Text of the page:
(3) The finish is extreme because all that remains for the player to do is create arc and "tail" at the other side of the net to keep the ball inside the baseline.

THE CONTACT: Of the 3 parts of a swing, Contact has perhaps the most important role to play. Contacts' job is to get the ball over the net and in the direction you want.

The racquet face position at the moment of contact will determine where the ball goes. The ball goes solely where the racquet face tells it to go.

In Summary:

1.  The 3 parts of the swing described here all have different functions. Very often players' try to vary these roles. The most common instance of this is when players try to spin the contact in the belief this will give them elevation over the net.  Net clearance is the job of Contact, not spin.

2.  Every stroke is different. Players need to learn when to adjust the amount of backswing, Follow Through or Contact depending on their needs in the point..

This is the third part of 4 STEPS IN UNDERSTANDING & MASTERING CONTACT.  By understanding the clearly defined roles of Back Swing, Follow Through and Contact you will gain greater mastery over your groundstrokes in terms of feel, versatility and adaptability.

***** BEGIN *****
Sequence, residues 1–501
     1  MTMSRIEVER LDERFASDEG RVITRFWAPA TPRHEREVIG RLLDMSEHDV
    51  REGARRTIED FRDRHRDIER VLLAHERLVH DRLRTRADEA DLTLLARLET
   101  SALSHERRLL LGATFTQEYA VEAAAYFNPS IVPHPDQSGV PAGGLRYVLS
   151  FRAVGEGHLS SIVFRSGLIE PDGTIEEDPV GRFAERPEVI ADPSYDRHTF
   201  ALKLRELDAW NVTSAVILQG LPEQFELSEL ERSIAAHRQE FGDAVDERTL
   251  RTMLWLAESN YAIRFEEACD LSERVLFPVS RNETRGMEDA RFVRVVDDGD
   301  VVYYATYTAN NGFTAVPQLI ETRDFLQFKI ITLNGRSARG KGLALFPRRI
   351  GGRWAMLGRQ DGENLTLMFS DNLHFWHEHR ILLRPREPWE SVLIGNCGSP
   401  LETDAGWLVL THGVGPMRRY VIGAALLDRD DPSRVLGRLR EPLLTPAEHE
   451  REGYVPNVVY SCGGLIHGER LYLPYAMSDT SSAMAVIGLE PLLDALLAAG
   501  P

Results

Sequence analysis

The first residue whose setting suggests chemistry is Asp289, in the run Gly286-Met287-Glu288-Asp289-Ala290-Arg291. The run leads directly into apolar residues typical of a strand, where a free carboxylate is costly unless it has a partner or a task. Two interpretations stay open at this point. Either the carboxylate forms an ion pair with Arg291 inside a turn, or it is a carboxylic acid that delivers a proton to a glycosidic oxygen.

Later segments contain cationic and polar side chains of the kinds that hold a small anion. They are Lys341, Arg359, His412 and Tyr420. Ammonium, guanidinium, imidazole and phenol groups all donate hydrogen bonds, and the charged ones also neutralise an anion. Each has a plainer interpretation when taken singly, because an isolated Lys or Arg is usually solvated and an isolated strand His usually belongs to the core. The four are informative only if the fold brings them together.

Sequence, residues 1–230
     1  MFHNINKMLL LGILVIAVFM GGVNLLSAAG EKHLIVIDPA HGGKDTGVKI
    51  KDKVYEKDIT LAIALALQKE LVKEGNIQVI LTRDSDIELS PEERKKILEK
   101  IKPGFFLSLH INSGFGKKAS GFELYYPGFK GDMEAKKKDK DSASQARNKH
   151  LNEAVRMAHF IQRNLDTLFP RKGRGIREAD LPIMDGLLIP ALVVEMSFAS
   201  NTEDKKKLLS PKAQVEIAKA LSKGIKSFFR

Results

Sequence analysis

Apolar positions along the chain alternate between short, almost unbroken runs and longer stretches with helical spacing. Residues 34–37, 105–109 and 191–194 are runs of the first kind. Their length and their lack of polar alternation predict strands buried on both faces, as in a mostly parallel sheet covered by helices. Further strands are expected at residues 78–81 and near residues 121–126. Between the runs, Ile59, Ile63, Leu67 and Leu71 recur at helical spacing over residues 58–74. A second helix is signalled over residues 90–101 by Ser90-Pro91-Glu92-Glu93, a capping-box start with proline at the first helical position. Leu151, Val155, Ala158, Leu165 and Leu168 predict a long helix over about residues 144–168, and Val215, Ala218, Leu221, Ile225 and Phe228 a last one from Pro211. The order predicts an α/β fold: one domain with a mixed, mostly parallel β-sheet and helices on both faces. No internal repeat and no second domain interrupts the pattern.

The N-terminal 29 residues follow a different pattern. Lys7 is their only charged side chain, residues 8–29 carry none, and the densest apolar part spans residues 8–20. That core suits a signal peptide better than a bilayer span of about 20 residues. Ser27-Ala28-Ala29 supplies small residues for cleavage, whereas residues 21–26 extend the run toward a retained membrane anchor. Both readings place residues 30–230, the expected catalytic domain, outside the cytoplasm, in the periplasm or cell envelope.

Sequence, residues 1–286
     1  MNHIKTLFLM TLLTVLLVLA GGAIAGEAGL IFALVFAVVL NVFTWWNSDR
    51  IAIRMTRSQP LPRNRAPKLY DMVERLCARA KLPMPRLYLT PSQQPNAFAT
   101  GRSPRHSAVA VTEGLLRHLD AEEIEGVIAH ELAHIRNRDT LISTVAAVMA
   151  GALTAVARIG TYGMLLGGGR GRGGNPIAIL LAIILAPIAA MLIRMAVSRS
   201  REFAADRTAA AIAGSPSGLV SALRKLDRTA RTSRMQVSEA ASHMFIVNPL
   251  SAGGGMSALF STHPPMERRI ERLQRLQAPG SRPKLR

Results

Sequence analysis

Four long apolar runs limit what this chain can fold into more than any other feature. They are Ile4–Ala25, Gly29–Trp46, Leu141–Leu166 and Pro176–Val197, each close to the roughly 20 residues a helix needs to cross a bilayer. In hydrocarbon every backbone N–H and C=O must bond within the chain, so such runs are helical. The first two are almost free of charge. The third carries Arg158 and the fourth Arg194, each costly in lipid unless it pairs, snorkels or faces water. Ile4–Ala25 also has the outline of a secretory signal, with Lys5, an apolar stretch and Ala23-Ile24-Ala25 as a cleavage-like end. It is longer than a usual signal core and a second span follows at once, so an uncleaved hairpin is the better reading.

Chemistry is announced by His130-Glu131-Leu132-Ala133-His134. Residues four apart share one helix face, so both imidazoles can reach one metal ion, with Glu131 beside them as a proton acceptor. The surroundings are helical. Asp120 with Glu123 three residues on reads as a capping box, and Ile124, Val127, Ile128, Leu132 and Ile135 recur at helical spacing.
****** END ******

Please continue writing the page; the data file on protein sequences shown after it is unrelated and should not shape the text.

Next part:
Please feel free to comment below to begin a discussion on this post.

Monday, April 23, 2012


Many years ago I was watching a match in Japan between Andres Gomez and Aaron Krickstein. I was sitting close to the court and realized that I was watching something very different from anything I had ever seen before.  I was watching a table tennis rally!  Both Gomez and Krickstein were trying to produce a rally that was dominated by the flight of the ball rather than where the ball was bouncing. They were controlling the ball inside a tight “funnel” of arc through the use of topspin.

Today that might seem normal but back then it was the beginning of a new era in tennis.